Last week we covered the anniversary of the first H-Bomb test. This week we’ll continue the theme by exploring fall-out shelters! For me, nothing encapsulates the Cold War era like photos of bomb shelters. Bomb shelters, or fall-out shelters, existed to shelter people in the event of a nuclear attack. They were generally underground or enforced above ground structures that were built to withstand a nuclear blast. They were often stocked with enough food and water to allow occupants to remain in the shelter until the area was safe again (sometimes years). Fall-out shelters were popular in America after the publicized nuclear testing that took place in the 1940′s-1960′s.
Operation Doorstep played a huge role in bringing nuclear testing and the potential of nuclear attack into the American national consciousness. Operation Doorstep took place in March 1953 in a Nevada atomic proving ground not far from Las Vegas. The purpose of this operation was to determine the effects of a nuclear blast on a typical American home. This article from the Atlantic shows some amazing photos from the tests: When We Tested Nuclear Bombs
You may also want to check out this book from the Wells Library: Operation doorstep : AEC Atomic Proving Ground, Yucca Flat, Nevada, March 17, 1953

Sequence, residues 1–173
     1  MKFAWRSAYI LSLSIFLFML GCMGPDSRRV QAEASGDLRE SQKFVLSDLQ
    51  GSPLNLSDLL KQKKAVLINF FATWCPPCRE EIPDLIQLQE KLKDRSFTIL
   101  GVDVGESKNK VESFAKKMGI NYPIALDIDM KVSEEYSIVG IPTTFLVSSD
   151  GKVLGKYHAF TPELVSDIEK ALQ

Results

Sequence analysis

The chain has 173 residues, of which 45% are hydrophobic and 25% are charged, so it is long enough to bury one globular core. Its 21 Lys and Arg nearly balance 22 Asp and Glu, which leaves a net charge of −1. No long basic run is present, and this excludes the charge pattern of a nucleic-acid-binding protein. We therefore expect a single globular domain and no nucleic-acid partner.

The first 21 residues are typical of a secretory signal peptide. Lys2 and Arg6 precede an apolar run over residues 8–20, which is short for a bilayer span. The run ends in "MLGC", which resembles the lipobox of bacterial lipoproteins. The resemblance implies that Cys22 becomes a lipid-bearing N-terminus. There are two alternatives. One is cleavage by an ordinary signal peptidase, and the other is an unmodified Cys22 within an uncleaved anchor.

Popular Science did a piece on “7 of the Creepiest Cold War Fallout Shelters” including this one that instantly makes me feel claustrophobic:
Just to show that by 1960 the threat of nuclear war had made its way into American popular culture:
In the 1960′s, Indiana University was designated as the fall-out shelter for Monroe County in a national pilot program. The National Shelter Survey Program determined that multiple buildings in Bloomington (mostly on the IU campus) would be able to provide safe shelter to all 74,500 residents of Monroe County. The Report on Monroe County-University Fall-Out Shelter Program from the Indiana University Archives describes the shelters and mentions that all residents will be issued “survival biscuits” that “looks like a graham cracker and tastes something like an animal cracker”. I suggest you check out the report for more information on IU’s fall-out shelters.
As you might expect, the U.S. Government has a large collection of bomb shelter photos, specifically the National Archives and the Library of Congress. Click on the thumbnails to go to the record.